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FROM THE SERVANT GENERAL
 

FROM THE SERVANT GENERAL

ON SERVANT LEADERSHIP
(Part 31)

SERVING GOD’S PEOPLE

February 4, 2012

Today’s readings:
1 Kings 3:4-13
Mark 6:30-34


As leaders we are servants. Though we have authority we are not autocratic. Though people look up to us, we look not to ourselves. Though we are entitled to prerogatives, we ask “not for a long life for (ourself), nor for riches, nor for the life of (our) enemies” (1 Kgs 3:11b).

As God chooses us to do His very work, God looks for leaders who “(behave) faithfully toward (Him), with justice and an upright heart” (1 Kgs 3:6b). Servant leaders are to be faithful to God’s ways and commands, are to be just in their dealings (giving to each one what is their due), and are to be people of purity and righteousness.

In order to become such leaders, we need to know certain realities.

First, we serve in the place of God over His people. Solomon said, “I serve you in the midst of the people whom you have chosen” (1 Kgs 3:8a). The people we serve are God’s people. They are God’s flock. We are called to stand in His place in caring for His people. It is an awesome responsibility. God entrusts to our care the well-being of His people. Thus we need to take on His mind and heart, and we need to be faithful in doing our task.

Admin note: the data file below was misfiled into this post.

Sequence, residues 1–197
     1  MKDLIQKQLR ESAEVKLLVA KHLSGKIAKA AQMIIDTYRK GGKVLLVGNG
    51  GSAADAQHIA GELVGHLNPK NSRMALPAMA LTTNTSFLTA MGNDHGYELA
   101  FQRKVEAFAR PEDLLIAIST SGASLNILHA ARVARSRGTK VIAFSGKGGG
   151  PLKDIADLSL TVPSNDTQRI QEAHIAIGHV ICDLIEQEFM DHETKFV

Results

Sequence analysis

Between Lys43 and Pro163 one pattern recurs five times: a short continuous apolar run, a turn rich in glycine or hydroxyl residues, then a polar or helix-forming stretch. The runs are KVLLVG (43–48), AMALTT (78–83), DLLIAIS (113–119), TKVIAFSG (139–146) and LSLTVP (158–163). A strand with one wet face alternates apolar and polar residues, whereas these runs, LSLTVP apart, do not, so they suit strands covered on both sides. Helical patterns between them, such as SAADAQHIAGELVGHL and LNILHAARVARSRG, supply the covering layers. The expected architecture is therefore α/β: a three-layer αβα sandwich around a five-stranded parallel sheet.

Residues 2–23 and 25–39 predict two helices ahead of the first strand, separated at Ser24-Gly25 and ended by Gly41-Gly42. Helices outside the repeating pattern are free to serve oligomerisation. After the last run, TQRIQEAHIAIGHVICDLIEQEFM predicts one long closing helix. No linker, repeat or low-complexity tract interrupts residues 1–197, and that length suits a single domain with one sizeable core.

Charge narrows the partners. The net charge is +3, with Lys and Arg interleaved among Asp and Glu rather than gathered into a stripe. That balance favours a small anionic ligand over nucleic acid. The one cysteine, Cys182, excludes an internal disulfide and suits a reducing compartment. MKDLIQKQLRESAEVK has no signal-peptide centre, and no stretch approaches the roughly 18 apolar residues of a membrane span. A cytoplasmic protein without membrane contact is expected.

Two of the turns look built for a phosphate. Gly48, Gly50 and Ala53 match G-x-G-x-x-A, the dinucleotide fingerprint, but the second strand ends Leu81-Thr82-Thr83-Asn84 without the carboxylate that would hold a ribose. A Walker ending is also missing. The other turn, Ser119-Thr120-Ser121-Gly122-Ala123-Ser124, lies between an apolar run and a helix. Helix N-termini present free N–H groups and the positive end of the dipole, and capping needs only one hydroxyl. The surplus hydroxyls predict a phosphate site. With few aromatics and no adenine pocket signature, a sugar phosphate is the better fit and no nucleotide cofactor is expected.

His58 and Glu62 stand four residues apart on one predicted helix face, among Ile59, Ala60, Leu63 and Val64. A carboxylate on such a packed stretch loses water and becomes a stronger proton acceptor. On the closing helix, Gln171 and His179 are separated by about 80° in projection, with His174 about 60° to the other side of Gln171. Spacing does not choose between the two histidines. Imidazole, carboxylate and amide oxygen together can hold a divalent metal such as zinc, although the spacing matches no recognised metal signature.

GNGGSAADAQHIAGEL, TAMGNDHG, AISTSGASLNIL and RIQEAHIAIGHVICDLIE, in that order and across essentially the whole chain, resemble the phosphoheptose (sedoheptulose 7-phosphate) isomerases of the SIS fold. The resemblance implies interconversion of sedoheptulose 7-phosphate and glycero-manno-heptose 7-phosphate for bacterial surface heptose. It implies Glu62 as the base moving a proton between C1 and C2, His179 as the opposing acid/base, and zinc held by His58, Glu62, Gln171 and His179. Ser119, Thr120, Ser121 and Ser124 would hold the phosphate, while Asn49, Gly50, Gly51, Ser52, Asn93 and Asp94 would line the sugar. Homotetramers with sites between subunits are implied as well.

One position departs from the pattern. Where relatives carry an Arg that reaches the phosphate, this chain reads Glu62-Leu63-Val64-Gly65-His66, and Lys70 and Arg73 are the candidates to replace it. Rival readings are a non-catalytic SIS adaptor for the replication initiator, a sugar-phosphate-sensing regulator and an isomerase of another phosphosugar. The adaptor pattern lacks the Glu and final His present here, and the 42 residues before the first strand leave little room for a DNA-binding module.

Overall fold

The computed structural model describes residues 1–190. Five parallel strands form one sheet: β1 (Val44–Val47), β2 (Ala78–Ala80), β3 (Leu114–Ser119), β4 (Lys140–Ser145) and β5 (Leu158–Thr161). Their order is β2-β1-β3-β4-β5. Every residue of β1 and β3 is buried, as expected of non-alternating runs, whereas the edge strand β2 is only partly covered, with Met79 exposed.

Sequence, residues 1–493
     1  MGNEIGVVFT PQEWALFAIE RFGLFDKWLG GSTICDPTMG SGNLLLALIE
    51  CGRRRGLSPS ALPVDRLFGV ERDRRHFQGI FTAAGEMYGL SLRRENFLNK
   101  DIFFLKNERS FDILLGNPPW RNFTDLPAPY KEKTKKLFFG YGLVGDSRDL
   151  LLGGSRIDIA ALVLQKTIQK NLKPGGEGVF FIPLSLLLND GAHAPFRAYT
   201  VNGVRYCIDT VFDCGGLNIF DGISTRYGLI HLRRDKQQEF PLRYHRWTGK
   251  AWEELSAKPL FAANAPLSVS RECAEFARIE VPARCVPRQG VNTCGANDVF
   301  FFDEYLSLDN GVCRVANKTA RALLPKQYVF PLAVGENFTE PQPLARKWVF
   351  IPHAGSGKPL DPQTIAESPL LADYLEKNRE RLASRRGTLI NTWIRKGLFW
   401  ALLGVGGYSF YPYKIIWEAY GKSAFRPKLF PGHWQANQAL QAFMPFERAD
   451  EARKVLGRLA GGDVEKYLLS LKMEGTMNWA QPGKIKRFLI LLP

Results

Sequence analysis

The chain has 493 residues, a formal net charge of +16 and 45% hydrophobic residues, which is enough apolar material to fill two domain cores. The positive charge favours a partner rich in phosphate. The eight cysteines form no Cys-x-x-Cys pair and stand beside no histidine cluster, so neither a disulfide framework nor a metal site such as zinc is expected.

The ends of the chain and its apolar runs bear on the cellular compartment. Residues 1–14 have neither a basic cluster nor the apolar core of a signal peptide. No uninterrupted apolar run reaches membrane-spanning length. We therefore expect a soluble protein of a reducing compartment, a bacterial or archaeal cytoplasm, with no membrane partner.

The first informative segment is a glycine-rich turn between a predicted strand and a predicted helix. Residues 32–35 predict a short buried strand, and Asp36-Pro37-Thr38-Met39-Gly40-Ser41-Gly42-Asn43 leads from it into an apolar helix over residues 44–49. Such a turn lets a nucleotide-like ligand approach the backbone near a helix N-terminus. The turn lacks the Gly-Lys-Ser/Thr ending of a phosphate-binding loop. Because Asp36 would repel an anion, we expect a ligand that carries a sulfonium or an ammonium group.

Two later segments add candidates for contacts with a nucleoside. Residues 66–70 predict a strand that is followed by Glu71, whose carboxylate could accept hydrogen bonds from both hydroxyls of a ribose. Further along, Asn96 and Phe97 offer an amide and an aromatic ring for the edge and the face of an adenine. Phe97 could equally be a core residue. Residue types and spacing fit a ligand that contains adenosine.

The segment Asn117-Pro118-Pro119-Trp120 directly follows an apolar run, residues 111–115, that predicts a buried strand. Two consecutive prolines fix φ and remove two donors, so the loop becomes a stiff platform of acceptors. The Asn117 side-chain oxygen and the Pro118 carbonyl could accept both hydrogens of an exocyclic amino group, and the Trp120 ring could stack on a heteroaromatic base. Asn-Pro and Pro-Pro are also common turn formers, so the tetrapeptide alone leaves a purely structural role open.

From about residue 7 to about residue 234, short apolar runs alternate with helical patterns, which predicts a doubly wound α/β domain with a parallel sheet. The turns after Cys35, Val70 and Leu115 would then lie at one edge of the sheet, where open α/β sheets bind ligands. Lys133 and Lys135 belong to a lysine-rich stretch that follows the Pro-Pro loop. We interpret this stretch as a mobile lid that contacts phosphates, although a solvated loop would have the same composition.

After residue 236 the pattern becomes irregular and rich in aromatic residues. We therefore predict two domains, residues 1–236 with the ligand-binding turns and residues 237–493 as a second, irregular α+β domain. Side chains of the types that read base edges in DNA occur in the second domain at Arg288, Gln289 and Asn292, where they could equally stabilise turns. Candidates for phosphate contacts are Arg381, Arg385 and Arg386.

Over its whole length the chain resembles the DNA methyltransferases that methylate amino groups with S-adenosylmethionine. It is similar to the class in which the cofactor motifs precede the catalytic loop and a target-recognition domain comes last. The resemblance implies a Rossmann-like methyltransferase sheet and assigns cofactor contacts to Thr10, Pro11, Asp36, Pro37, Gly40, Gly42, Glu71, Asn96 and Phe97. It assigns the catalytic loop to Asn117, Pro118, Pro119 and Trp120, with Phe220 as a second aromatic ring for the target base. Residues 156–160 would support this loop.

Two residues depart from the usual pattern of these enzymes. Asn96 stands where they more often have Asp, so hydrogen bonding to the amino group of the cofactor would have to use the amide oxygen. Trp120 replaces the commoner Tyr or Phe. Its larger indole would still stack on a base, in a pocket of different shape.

Second, as a consequence of the first, we need to be humbled. Solomon said, O Lord, my God, you have made me, your servant, king to succeed my father David; but I am a mere youth, not knowing at all how to act.” (1 Kgs 3:7). As servant leaders, God makes us “king” over His people, to “succeed” Him. How could we ever “take the place” of God? How could we ever accomplish divine work? How do we know at all how to act? “For who is able to govern this vast people of yours?” (1 Kgs 3:9b). And so we acknowledge our nothingness. And we look to Him.

Third, as a consequence of the second, we must know that if God calls, then He provides. Then He anoints. Then He gives us the gifts we need. We just need to ask. “Ask something of me and I will give it to you.” (1 Kgs 3:5b). When we empty ourselves, God fills us. When we makes ourselves low, God raises us. When we acknowledge that we are nothing, God makes something of us. When we ask, we receive.